“For Christ died for sins once for all, the righteous for the unrighteous, to bring you to God”
1 Peter 3:18 (NIV, 1984)
1 Peter 3:18 is one of the great gospel verses in which every word is rich in meaning. I would like to consider these words and I trust that they will you encourage you as we look at the very heart of our faith.
For Christ. There are not many more emphatic openings to a verse. I remember as a child thinking that ‘Christ’ was Jesus’ surname however I quickly learnt that it refers to his ministry. He is the Christ, from the Greek for ‘Messiah’ / ‘anointed servant’. We are reminded of passages such as 2 Samuel 7 and Isaiah 42. Here is the one sent by God the Father to bring hope, peace and salvation to the world. We can be certain that everything that follows in this verse is sure and effective.
Died for sins. This takes us to the sacrificial language of the Old Testament. We think in particular of the Passover Lamb and the sacrificial system of Leviticus. Jesus knew that he came to ‘lay down his life’ and to give his life ‘as a ransom for many’. His death was not an accident. It was God’s perfect plan and purpose. Without the shedding of blood there is no forgiveness of sin. On the Cross Jesus took the sin, guilt and punishment of his people so that they could be purified and forgiven.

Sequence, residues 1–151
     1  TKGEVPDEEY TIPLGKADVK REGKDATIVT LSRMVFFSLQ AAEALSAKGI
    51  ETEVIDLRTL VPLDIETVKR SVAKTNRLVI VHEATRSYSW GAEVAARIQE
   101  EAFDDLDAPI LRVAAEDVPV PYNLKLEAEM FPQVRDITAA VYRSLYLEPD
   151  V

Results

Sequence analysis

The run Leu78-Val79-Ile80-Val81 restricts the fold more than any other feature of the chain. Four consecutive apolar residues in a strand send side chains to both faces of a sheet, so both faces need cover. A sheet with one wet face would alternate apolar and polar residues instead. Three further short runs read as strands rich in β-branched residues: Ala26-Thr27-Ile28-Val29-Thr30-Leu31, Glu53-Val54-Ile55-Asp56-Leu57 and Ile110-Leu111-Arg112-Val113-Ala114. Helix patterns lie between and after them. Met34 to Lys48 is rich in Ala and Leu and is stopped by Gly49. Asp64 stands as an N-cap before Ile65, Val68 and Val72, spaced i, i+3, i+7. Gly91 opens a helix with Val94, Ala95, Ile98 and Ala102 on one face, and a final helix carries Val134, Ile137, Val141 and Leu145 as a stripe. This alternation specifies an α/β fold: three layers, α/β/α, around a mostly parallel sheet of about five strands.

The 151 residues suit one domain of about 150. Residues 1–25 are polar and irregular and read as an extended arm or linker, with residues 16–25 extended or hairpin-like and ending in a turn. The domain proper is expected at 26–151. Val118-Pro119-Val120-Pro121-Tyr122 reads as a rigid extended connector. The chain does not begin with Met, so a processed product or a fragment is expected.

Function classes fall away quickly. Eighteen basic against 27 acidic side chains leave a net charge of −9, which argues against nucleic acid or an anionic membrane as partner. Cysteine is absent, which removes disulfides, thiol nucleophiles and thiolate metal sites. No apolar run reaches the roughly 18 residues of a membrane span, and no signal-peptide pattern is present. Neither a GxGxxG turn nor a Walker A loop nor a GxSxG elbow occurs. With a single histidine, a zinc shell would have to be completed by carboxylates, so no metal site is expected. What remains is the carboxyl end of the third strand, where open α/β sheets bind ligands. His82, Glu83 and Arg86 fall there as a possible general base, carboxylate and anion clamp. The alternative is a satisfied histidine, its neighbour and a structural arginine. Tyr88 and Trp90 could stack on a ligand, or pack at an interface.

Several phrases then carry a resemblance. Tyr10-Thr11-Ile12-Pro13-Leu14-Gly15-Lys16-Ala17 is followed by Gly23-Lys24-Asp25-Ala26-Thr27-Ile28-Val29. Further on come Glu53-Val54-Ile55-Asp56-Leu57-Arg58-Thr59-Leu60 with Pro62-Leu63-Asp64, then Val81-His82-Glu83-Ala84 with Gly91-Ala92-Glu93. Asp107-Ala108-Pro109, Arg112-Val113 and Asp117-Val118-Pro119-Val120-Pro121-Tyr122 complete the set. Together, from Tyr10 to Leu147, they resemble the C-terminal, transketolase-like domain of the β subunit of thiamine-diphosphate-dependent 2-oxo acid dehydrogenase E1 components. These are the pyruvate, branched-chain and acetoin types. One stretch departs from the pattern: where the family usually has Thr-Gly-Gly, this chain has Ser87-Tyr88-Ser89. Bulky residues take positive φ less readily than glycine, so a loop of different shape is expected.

Once for all. It is tempting to think that we need to reach a certain standard of ‘goodness’ before God will accept us, or that we need to prove that we are worthy or sorry enough. Even as Christians we can fall into the trap of thinking that we need to ‘make up’ for our sins through deeds or devotion. Let us never forget that Jesus died ‘once for all’. If you know that you have sinned and fallen short of God’s standard and glory, repent and believe in the Lord Jesus and you will be saved. Keep looking to the Cross. Salvation is found in Jesus alone and there is no other name – or way – by which we can be saved.
The Righteous for the Unrighteous. The contrast here is remarkable and I don’t believe we will really appreciate the power of the gospel until we understand the huge gap between the holiness of Jesus and our sinfulness. The sacrifice is acceptable to God the Father because of Jesus’ glory and blamelessness. It is astonishing enough that the Son of God should take on human flesh and live a uniquely righteous life; but that he should die on a Cross for the unrighteous? This really is divine love and grace. Have you realised that you, like every one of us, are ‘sick’ and ‘lost’ because of your sin and that Jesus came to save people just like that? Have you asked for forgiveness through Jesus’ sacrificial death in your place?
To bring us to God. The blessings of the gospel are endless and we will spend all eternity finding out more about them. I’m sure you have found comfort in many promises in God’s Word during this period. But here perhaps is the greatest blessing of all: to be given the privilege of becoming a child of God and to know him as our Father. Jesus died to bring us to God. As you begin your day why not consider some of the many blessings that flow out of this wonderful truth?
Steffan Jones, Mount Elim Pontardawe